How to Run Your First 5K
The Couch to 5K Running Plan and similar programs have inspired and prepared thousands of people to run a 5K. But not everyone who starts such a program crosses the finish line.
Age, weight, height, strength, and prior conditioning influence how quickly you can move from an inert state to a 5K finish line. And, if you are short like me and many of my friends, running 30 minutes at a beginner’s pace (the goal of many such programs) will NOT allow you to cover 5 kilometers (3.1 miles).
Since re-starting my fitness regimen after a 15-year hiatus, I have run a handful of 5Ks plus a couple of 10Ks, completed a sprint triathlon, and finished epic bike rides. Though I have developed new friendships by participating in these events, I'd love to see some of my longtime friends run a 5K. Those who have started have been quickly sidelined by injuries or gotten off track for various reasons.
The promise of quick results is appealing (and attainable) for many people, but if a 9-week or even a 12-week program doesn't work for you, there are alternatives. I thought about what it took for me to finish my first 5K and got advice from an expert in exercise physiology. Here are our suggestions. (See also: How to Run Without Music)
Running a 5K: What Worked for Me
Having athletic experience from my youth gave me the background knowledge to prepare myself when I was older. It wasn't fast, but I made steady progress. Here are the techniques that I used to get ready for my first 5K.
Allow Plenty of Time to Get Ready
When I decided to tackle a 5K, I had been lifting weights and doing cardio workouts for several months. I doubt I could have gotten ready within a couple of months after just starting my exercise regimen.
Allow enough time to build cardio capacity and strength and account for setbacks. Common reasons for missing workouts and not staying on track include:
- Bad weather (for those who do not have access to a treadmill or indoor track or don't have winter running gear)
- Schedule conflicts (you underestimated your obligations, things came up unexpectedly, or your running partner couldn’t make scheduled runs)
A longer timeframe allows you to focus on your goal but still take breaks (or weeks off) when you must and resume running without guilt or fear of failure.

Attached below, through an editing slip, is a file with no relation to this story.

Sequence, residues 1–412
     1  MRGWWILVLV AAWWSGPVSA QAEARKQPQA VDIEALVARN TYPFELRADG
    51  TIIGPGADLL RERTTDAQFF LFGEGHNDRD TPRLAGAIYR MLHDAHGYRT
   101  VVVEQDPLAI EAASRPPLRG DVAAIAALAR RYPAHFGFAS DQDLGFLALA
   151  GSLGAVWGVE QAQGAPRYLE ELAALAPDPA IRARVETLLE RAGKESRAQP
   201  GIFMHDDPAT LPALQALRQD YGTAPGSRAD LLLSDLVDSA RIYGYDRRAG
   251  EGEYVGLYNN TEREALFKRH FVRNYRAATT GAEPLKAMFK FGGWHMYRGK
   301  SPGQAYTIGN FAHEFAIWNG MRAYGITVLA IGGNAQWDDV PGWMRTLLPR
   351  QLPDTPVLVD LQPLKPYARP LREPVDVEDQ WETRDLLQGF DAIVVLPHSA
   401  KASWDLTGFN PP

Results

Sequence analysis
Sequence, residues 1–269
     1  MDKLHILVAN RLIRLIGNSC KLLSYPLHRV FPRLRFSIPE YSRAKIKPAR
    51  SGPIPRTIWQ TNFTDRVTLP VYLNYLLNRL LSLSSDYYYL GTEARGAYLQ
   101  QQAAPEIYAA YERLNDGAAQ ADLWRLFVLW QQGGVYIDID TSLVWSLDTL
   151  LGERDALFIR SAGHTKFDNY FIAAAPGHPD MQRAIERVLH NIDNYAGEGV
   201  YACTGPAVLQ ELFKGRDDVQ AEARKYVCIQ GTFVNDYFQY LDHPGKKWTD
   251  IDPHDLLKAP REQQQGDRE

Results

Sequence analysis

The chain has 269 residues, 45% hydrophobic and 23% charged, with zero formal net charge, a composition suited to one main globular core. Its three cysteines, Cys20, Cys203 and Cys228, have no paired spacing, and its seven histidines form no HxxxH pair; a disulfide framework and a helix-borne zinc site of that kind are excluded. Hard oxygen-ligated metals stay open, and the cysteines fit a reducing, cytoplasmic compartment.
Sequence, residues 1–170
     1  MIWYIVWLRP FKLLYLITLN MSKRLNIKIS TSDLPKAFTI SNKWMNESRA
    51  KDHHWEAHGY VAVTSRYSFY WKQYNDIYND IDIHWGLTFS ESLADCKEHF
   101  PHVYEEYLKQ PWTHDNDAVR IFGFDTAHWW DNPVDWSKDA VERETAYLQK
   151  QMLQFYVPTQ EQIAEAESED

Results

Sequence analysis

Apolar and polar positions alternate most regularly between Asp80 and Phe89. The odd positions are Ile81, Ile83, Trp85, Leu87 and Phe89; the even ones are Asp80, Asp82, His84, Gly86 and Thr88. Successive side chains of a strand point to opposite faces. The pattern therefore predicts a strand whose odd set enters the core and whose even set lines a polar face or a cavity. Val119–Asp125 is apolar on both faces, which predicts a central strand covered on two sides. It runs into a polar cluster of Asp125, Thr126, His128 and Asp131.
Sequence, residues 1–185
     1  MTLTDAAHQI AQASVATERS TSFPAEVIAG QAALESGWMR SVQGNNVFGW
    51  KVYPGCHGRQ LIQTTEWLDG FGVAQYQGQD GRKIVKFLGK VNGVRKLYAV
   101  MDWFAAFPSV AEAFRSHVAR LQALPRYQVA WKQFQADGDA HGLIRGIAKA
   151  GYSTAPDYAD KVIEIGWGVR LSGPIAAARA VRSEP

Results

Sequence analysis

Stop Looking at Your Watch
At the suggestion of a fast-running friend, I bought a Garmin Forerunner 305 that tracks my pace, distance, and heart rate. I look at this device attached to my wrist (my “watch”) frequently — probably too much. But while I love tracking the numbers, I have noticed that many people are confused by too much information. They just want to run, or walk, or whatever. Whereas the numbers tend to energize me, figuring out and following a formula (running for 90 seconds, walking for 90 seconds, for example) zaps the energy and resolve of many.
When I first started, I noted my time and tried to track my pace loosely but spent most of my effort just running, recovering while walking, and then running again. I paid attention to my body, not a specific regimen.
So if sticking to precise time frames of running and walking is difficult, do what works for you. Strive to run more and more, but don’t get upset (or give up) if you can’t run as much as you’d like, especially soon after you start.
Go the Distance
After I signed up for a 5K, I decided to make sure that I could go the distance first and then worry about my speed. Finishing the race was much more important than my time.
I started focusing on running 31 times around an indoor track that was approximately one-tenth of a mile (an alternative is to map out a route of 3.1 miles). My fatigue and time at the end of that distance became my “worst case scenario.”
Completing the distance in a workout gave me a confidence boost. Then I could relax about the race and use energy previously devoted to stress toward fitness.